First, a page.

Charles Franke, wardsman at the Hospi tal, said, when deceased was admitted he took him up to D ward, and put him to bed, with the assistance of the messenger; he was quiet and conscious; Dr. Pardy pre scribed for him, and they both left him about 9.15; he next saw him on the ground near the front door; nothing was said when he was admitted, about his being delirious or being strapped down, and witness received no orders from the doctors to strap him down; Michael O'Meara came up into the ward while they were undressing him, but said nothing about his being delirious at his own home, or about his jumping out of the window; when he found deceased at the front door he was bleeding from the top of the head, and was unconscious; he helped to get him upstairs, when he was strapped down in bed; had he known he was delirious, he would have strapped him down. Dr, J. Pardy House Surgeon, said when the deceased was admitted he was suffering from alcoholic delirium and erysipelas of the head and face I he spoke rationally concerning his habits and illness; witness gave him a sedative draught; treated his face and left him; at 10"15 p.m. witness was called over to the Hospital and found deceased suffering from concussion of the brain and abrasions on the back of the hand and left knee ; he roused up on being shouted to, but continued in a state of delirium on and off till the time of his death, at 4 a.m. on the 29th; he would answer questions rationally, and do as he was told when roused; the cause of death was fracture of the skull and erysipelas on making a post-mortem examination witness found a linear fracture of the skull extending in a middle line from the centre of the top of the skull to the base, with extensive bruising of the scalp; the membranes of the brain were thickened, and the brain itself congested and dropsical, and the vessels at the base were diseased; before the deceased was admitted a boy came to the Hospital with an order, which he gave to Dr. Thompson; he heard the lad say the patient was delirious, and was suffering from erysipelas; heard Dr. Thompson say, "We would not admit him," but afterwards say, " We would " said to Dr. Thompson.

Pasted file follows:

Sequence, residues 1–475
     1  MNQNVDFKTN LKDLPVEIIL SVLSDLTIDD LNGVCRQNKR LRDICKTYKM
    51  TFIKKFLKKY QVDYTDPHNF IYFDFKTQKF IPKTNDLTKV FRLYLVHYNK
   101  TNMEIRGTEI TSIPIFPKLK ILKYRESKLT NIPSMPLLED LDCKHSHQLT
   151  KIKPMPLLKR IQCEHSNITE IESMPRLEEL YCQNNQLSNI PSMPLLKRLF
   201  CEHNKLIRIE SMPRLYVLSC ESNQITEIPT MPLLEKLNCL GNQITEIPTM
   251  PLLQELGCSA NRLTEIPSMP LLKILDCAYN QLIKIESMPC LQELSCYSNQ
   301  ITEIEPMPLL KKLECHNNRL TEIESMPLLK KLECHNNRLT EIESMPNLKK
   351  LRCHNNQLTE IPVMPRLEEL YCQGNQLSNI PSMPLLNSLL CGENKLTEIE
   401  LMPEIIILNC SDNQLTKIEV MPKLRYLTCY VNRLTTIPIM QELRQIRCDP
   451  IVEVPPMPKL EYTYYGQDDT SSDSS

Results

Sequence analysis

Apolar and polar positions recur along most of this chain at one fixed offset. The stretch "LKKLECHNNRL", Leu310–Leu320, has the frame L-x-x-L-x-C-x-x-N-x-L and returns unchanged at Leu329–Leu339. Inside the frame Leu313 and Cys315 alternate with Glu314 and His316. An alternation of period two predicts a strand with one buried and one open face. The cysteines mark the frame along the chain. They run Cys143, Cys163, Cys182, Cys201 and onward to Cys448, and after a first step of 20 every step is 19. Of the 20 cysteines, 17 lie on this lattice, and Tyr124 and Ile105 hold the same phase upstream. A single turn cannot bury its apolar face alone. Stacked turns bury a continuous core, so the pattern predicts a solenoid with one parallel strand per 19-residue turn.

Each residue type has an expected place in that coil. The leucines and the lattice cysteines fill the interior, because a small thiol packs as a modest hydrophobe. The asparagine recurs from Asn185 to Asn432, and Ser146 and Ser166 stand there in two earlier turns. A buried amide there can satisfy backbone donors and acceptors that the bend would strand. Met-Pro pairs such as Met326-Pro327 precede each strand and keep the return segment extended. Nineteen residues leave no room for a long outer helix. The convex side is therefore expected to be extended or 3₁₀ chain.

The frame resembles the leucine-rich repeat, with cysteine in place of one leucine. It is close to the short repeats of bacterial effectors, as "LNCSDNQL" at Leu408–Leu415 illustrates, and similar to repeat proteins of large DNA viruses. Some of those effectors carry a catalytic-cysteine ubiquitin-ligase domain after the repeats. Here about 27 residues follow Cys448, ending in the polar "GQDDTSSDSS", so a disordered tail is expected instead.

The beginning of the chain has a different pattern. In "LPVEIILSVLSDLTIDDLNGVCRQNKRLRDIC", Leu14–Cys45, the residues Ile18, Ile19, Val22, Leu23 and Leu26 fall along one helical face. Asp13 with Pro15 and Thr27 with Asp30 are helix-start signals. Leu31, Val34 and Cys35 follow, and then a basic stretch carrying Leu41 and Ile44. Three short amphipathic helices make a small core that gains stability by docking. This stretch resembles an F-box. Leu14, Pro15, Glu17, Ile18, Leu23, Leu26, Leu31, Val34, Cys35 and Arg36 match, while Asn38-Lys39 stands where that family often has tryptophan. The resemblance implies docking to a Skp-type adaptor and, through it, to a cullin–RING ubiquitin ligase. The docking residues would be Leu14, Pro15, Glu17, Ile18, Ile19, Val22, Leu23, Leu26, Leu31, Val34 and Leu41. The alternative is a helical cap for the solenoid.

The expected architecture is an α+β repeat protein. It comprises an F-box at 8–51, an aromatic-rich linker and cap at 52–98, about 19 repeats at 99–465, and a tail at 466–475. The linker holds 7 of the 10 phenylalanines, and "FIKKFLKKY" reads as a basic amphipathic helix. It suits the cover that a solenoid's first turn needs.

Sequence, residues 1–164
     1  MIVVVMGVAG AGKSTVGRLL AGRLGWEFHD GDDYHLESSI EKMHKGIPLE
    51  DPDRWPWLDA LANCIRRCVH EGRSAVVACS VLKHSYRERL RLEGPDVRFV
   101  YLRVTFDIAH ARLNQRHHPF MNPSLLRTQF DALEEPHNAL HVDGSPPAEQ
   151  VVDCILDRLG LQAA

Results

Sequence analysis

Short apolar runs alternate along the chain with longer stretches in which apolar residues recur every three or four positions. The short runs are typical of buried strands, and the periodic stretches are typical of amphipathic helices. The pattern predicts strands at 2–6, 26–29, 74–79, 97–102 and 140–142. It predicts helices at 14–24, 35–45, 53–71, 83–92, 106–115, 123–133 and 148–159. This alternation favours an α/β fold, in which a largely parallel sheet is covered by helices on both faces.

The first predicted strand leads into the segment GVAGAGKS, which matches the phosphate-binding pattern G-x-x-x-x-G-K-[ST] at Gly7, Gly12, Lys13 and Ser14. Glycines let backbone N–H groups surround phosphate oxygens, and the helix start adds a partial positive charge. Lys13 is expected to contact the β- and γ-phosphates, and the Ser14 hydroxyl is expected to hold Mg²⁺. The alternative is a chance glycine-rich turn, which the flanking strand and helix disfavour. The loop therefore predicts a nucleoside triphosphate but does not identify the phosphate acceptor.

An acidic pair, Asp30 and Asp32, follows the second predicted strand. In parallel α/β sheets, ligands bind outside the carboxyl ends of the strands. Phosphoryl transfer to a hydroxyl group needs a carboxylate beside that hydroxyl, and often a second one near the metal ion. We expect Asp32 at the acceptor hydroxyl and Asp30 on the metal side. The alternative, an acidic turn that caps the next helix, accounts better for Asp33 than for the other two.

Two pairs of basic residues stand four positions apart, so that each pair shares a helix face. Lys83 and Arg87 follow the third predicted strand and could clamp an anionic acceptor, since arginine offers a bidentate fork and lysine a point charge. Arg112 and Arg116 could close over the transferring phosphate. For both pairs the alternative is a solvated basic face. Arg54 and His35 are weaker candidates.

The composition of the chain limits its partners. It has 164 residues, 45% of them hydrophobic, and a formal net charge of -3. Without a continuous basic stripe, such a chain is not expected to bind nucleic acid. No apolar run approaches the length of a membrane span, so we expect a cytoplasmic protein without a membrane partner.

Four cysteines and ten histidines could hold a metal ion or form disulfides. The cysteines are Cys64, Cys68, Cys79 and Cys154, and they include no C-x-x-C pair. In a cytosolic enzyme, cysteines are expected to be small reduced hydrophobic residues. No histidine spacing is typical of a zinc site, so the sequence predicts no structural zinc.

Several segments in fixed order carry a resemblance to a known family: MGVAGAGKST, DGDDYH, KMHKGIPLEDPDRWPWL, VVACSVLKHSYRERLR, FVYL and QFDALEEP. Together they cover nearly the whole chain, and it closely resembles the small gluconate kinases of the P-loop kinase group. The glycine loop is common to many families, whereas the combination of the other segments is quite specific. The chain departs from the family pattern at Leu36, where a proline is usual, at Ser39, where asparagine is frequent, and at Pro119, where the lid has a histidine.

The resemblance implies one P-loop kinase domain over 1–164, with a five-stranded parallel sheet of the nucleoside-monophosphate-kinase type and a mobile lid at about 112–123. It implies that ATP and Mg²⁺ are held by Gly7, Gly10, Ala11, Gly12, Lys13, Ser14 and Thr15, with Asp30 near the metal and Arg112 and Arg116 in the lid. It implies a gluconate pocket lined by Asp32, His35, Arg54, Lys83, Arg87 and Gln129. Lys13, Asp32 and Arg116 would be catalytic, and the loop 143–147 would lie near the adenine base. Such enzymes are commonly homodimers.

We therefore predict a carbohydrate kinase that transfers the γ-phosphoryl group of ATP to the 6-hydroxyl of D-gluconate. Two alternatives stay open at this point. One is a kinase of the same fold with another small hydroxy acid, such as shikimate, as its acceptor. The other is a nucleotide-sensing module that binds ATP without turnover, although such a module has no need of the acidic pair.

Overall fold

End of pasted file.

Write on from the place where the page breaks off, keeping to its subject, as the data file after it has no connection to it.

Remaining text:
" We can put him into the D ward ;" never heard about his jumping out of window, or having to be strapped down; the deceased told him he had been a heavy drinker from what he saw of the man in bed he did not think it necessary' to strap him down. Dr. L. G. Thompson, Surgeon-Superintendent of the Hospital, said he was going off duty on the Saturday evening when he met a small boy, who gave him a note from Dr. Hallowes, asking him to admit Ronald Young; he thought, before he opened the letter, the boy told him that Young was insane and wild; he said they would not admit him, and then opened the letter, and Dr. Pardy came out and asked the boy what had made him insane; the boy said, "Erysipelas." and witness turned to Dr. Pardy and said he had better put him in the cells; Dr. Pardy said, "As there were very few in D. ward, he could go in there ;" witness agreed to this as there was no place provided for the safe and comfort able custody of the insane ; the cells were not ventilated and there is no means of heating them. The jury returned a verdict- " That the said Ronald Young on July 20 died from injuries received in falling from the balcony of the General Hospital, accelerated by erysipelas, and that no blame is attached to any one, and added the following rider, - that the Government be urged to make some proper provision for the comfortable and safe accommodation of insane patients at the Hospital, an at present it is utterly impossible for such cases to be properly treated."





Please Sign Guest Book


Home | Photo Album | Guest Book | Contact Us